Illustrated Teacup

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Friday, 12 June 2015

TATTOOS: Why price isn't everything

It can be a bit of a touchy subject in  almost any situation... the question of cost.
And it is especially true when discussing tattoos.
No one wants to be ripped off, especially for something that you are going to have to live with for the rest of your life. And it is so easy to get bogged down by the price of everything in today's society.
But with tattoos, price should not be the determiner.

The saying goes

"Good tattoos aren't cheap and cheap tattoos aren't good"


And to a certain extent this is very true.

Many badly designed or created tattoos are from people or 'scratchers' who have had no training, and bought a tattoo machine from the internet and are 'working' from their kitchen. In this instance, you really are paying for what you get. It will be cheap because the 'work' is likely to be substandard and potentially risky.




However this is not the case 100% of the time. Some 'cheap' tattoos are done by apprentices, usually working at a reduced rate under the supervision of a trained tattooist. The lines may not be perfect and it will take longer than a general tattooist, hence the reduced price. Some of the best work I've seen is from apprentices. I myself have an 'apprentice' tattoo which is a great piece of work. The tattooist is now a full tattooist and has done more work on me.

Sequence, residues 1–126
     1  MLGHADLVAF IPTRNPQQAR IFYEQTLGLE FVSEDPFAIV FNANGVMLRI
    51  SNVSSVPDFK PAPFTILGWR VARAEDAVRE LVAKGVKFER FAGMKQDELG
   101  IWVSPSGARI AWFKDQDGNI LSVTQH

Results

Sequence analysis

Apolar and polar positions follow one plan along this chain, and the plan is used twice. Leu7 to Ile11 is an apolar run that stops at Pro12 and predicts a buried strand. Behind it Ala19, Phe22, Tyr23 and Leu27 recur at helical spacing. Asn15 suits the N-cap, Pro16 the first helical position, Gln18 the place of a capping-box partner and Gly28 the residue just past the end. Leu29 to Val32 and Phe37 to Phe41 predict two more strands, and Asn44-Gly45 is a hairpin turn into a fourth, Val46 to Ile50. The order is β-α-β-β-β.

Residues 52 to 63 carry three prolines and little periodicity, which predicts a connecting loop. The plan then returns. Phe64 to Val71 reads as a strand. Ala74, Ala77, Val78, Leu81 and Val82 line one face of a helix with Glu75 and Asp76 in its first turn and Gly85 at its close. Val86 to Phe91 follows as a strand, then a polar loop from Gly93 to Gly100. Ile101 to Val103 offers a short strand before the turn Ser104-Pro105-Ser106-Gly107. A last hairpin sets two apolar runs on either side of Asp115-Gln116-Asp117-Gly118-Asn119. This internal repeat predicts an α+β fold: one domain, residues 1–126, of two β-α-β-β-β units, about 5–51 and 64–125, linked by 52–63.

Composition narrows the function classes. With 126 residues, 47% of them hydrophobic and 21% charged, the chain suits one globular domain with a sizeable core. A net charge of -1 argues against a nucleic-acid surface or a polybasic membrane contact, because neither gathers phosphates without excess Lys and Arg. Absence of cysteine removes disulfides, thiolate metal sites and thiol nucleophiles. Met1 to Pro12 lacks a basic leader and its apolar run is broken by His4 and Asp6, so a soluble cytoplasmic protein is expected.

That being said, you should never argue over price. If a tattooist (and I mean a proper one, in a studio) gives you a price for a piece of work, accept it. They know what they are talking about. Tattooists work from return custom and word of mouth generally speaking, with some customers from Instagram and Facebook followings - so they aren't about to screw you over on price because their reputation matters a lot to them.

If they quote £200, then that is very likely to be a fair price.
Generally speaking, the majority of studios work on between £50 - £80 per hour, with most at about £70 per hour. Many studios will offer special rates for half day and whole day sessions usually around £200 for a half day and £350-400 for a whole day.

Don't get me wrong, I know that price is important, because tattoos aren't supposed to be cheap - they should be an investment. If they were cheap, everyone would have them and there would be more regrets from the permanent markings left.

But price shouldn't be the main reason you go to a specific tattooist for work. You should love their designs, their style, and their ideas. Price should be at the most secondary to that.

I have fallen in love (metaphorically speaking) with a number of tattooists and not even considered the price. I get an idea of the cost so I can budget, but I never question that price. At the end of the day, it is at the very least just plain rude! I've heard of people bartering for a price - especially at tattoo conventions - and to be honest, it is just plain wrong.

*image from Pinterest
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3 comments

  1. I'd never imagine trying to barter for a cheaper tattoo! That takes some nerve!

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  2. I would feel so awkward if I heard people trying to lower the prices. This is someone's hard work, and a one of a kind piece, you would pay anything for it.

    Half the time when I get tattooed, the price goes down because it hasn't taken as long as they though, my thigh was meant to be £250 but, at the end it was only £180. My tattoos have ranged from £20 - £400. It's about the artist and the studio with how much they charge I have found too.

    Great post! It's a topic I think is kind of a no-brainer, but you still get people wanting the tattoo for as cheap as they can!

    Kourtney x

    ReplyDelete
  3. Hey very interesting blog!

    ReplyDelete

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